Earnings is a pretty simple concept: you get revenue, subtract expenses, and get earnings. But there are many different types of earnings, all derived from different ways of subtracting expenses.
The second quarter of 2019 showed earnings declined by 0.4% in the second quarter of 2019 for all companies in the S&P 500 index, which just happens to be the same exact rate of decline observed in Q1. In both cases, the earnings decline ended up being better than the pessimistic expectations analysts had going into the quarter.
At the heart of finance is a reckoning of assets and liabilities. Both take their place on the left and right of a balance sheet, and the total value of the assets minus the cost of the liabilities is then determined to be the net value of the portfolio—which can be the value of a fund, a company, or an individual.
If you have been keeping up with the financial press, you have undoubtedly heard about the yield curve inversion. This somewhat technical sounding phenomenon is actually a very simple concept with profound implications for markets, which is why a solid understanding of what we’re talking about is essential for developing a view of future asset performance.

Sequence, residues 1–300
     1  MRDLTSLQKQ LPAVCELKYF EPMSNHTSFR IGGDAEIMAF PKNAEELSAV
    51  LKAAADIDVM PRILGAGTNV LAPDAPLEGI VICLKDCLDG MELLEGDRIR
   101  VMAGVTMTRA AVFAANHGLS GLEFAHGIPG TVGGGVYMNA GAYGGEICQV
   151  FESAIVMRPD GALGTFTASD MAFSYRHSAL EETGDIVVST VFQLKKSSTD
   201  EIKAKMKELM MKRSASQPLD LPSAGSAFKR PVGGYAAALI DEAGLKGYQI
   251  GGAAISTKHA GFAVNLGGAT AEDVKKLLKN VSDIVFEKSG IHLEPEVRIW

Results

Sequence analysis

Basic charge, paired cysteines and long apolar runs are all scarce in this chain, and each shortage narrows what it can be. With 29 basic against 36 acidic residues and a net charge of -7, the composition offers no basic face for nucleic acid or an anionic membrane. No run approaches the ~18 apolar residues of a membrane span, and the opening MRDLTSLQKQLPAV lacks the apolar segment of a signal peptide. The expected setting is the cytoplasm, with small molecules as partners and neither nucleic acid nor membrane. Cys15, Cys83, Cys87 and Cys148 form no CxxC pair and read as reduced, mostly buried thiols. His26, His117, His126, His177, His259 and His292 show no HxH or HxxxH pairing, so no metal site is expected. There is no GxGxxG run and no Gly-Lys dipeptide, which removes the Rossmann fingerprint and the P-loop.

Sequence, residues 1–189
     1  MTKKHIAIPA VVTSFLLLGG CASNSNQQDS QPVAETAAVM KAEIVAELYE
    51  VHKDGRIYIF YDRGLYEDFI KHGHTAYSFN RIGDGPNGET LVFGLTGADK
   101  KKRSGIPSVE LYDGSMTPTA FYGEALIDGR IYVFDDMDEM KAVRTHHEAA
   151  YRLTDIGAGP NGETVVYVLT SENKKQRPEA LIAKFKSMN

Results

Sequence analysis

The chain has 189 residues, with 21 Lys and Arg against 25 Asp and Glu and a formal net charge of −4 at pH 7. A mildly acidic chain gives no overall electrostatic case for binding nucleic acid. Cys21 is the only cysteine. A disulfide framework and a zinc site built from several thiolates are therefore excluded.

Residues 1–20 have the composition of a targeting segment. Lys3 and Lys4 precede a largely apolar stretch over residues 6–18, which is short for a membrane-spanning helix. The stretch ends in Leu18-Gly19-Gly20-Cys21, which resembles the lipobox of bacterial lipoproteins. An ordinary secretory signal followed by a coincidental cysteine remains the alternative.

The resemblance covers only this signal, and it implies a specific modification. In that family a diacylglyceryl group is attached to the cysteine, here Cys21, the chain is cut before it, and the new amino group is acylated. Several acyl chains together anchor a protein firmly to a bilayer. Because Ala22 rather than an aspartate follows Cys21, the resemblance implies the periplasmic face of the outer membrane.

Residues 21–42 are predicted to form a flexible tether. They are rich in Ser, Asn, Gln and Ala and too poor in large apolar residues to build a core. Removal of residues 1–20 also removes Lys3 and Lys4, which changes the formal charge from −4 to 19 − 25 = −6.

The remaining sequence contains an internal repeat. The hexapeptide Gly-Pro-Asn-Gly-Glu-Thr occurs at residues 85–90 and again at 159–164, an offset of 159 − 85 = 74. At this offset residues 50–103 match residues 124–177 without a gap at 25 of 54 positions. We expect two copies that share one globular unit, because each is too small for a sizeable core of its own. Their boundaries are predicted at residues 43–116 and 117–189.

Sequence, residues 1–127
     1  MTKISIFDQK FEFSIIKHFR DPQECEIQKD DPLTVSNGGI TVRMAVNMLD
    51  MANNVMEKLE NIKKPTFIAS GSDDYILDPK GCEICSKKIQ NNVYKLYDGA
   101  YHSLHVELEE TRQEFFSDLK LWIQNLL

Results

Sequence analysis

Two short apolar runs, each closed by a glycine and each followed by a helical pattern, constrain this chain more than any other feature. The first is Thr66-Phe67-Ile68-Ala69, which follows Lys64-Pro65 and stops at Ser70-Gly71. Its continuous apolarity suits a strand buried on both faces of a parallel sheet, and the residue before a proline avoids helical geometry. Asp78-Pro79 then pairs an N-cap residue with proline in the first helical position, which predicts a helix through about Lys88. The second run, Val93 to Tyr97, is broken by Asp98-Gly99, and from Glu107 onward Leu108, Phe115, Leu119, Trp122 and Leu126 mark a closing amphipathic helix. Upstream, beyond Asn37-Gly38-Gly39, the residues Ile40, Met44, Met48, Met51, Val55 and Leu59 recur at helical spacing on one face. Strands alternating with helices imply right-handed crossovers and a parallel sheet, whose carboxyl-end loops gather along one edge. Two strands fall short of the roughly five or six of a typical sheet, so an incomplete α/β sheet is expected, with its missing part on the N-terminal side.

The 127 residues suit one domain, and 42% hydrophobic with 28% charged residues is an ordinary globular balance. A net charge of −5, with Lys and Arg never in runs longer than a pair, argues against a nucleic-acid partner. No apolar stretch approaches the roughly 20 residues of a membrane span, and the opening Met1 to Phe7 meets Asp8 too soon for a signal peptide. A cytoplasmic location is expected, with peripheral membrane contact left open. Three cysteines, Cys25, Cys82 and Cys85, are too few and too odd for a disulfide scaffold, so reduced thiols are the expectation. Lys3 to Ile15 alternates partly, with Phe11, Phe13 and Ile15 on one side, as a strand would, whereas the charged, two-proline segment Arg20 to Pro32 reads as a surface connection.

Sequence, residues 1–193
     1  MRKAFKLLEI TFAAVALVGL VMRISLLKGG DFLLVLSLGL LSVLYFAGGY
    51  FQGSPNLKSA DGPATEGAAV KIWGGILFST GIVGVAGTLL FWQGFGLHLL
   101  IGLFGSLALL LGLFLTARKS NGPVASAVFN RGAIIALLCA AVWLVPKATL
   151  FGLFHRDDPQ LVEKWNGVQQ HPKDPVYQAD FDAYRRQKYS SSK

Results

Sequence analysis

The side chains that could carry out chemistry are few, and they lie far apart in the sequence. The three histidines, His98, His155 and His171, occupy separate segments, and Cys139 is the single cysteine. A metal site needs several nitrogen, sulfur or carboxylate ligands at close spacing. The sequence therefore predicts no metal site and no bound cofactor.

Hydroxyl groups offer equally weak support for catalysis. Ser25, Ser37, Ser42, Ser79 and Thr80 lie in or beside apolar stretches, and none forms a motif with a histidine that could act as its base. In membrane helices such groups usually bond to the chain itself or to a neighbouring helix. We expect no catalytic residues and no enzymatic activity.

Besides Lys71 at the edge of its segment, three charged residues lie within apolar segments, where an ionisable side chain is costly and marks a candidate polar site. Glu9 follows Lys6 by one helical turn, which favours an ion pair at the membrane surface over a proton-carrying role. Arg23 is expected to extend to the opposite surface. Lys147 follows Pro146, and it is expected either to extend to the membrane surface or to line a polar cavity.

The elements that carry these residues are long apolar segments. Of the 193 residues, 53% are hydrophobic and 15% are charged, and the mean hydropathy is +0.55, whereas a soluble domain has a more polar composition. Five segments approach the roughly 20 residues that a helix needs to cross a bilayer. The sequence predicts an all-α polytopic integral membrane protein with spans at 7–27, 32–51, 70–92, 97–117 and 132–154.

An important feature of many types of financial analysis is the yield. This term can have multiple specific meanings, but generally it means the income received on a principal. For instance, a fund that pays investors $3 every year per every $100 invested has a yield of 3%.
Liquidity is one of the most common metaphors used in finance, because it’s also the most important. To understand it, think about liquid: liquid flows easily from one place to another, and so if there is a channel for the liquid to go through (a pipe, a stream, a hose), it will go from Point A to Point B naturally and, well, fluidly.